Friday, November 25, 2016

"Death at La Fenice," by Donna Leon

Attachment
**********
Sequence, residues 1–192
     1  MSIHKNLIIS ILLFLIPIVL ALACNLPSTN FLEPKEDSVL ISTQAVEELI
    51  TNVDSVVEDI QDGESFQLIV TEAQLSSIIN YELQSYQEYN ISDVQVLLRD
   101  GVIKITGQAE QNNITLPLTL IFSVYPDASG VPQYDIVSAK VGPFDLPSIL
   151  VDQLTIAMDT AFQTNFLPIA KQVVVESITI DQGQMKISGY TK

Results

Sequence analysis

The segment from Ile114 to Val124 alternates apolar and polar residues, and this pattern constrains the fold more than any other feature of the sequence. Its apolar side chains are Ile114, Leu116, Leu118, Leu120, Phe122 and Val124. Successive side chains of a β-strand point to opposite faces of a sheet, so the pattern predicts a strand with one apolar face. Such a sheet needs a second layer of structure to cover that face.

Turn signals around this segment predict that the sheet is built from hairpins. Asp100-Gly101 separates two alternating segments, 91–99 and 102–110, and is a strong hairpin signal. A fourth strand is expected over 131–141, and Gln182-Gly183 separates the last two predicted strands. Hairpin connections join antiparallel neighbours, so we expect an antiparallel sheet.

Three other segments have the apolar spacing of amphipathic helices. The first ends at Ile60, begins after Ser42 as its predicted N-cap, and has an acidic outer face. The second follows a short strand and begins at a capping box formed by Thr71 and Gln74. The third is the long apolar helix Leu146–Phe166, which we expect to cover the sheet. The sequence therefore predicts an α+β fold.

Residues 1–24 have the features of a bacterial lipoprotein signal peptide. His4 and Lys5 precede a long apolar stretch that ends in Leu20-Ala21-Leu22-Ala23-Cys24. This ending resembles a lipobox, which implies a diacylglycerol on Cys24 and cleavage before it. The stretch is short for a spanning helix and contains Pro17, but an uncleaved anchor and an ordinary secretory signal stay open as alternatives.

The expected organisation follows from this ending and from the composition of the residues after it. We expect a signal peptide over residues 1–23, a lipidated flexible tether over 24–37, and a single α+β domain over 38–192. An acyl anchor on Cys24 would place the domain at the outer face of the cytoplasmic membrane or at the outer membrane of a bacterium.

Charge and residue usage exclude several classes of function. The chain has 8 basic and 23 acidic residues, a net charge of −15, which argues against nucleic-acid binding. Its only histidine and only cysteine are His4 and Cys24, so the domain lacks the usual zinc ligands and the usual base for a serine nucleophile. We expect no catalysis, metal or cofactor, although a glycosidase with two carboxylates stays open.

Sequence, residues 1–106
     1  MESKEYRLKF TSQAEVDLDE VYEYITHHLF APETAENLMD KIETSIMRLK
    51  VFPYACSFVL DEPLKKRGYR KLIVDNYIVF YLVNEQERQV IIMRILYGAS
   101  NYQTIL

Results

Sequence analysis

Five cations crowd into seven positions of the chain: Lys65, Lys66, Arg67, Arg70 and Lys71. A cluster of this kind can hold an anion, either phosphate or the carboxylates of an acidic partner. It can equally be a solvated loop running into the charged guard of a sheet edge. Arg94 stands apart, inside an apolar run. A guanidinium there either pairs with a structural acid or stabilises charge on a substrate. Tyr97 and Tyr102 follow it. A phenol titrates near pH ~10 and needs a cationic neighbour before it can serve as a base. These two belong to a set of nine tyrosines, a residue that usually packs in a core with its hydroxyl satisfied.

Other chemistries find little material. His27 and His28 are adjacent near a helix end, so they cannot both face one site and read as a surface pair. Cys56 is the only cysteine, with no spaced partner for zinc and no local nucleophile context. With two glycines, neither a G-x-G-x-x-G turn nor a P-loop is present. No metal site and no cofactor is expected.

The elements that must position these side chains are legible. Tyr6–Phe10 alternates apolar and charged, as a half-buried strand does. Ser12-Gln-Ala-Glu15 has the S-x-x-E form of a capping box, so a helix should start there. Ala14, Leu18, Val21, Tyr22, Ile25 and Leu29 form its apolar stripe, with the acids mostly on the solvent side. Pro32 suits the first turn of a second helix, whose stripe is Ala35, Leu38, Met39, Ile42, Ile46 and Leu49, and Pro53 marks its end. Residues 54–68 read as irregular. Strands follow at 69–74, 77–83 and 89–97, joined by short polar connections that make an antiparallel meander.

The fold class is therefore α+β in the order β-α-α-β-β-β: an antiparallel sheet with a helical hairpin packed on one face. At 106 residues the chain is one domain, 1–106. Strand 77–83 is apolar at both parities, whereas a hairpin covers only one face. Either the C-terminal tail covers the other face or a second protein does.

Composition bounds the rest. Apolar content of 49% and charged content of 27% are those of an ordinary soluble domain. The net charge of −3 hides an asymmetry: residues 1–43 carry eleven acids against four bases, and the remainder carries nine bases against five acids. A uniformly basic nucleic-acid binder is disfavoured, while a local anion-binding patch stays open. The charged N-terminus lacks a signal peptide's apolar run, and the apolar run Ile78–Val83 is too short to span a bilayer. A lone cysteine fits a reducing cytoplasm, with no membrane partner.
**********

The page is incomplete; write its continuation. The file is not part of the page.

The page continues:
On 11/12/16 I wrote of returning to mysteries for the first time in a long time, because of my friend K.S.’s recommendation of Louise Penny’s Armande Gamache novels. After reading and enjoying three of the novels in the series (and I am sure I will read more), I took my friend M.V.’s recommendation, which actually reinforced that of others through the years, to try Donna Leon’s Commissario Guido Brunetti mysteries, set in Venice. M.’s recommendation reminded me of how my beloved late sister-in-law, who was Austrian, loved Donna Leon’s mysteries and even read them (in German) in the hospital when she was very sick. And I finally visited Venice in January of this year. So maybe the confluence of all these signs was telling me it was time to investigate these well-loved mysteries. I have now read the first in the series, “Death at La Fenice,” (Perennial, 1992), and did in fact enjoy it very much. The Venice setting, the musical world where the murder took place, and the intriguing characters, all drew me in. Of course the mystery itself, with its twists and turns, its clues and its red herrings, all contributed to my enjoyment as well. As to why I am suddenly open to and enjoying reading mysteries again after a long period away from them, I don’t really know the answer. I think it is just cyclical. But I am happy to have discovered these two “new” (to me) mystery writers (Louise Penny and Donna Leon) and their thoughtful and multifaceted detectives (Gamache and Brunetti), and look forward to reading more novels in each series.
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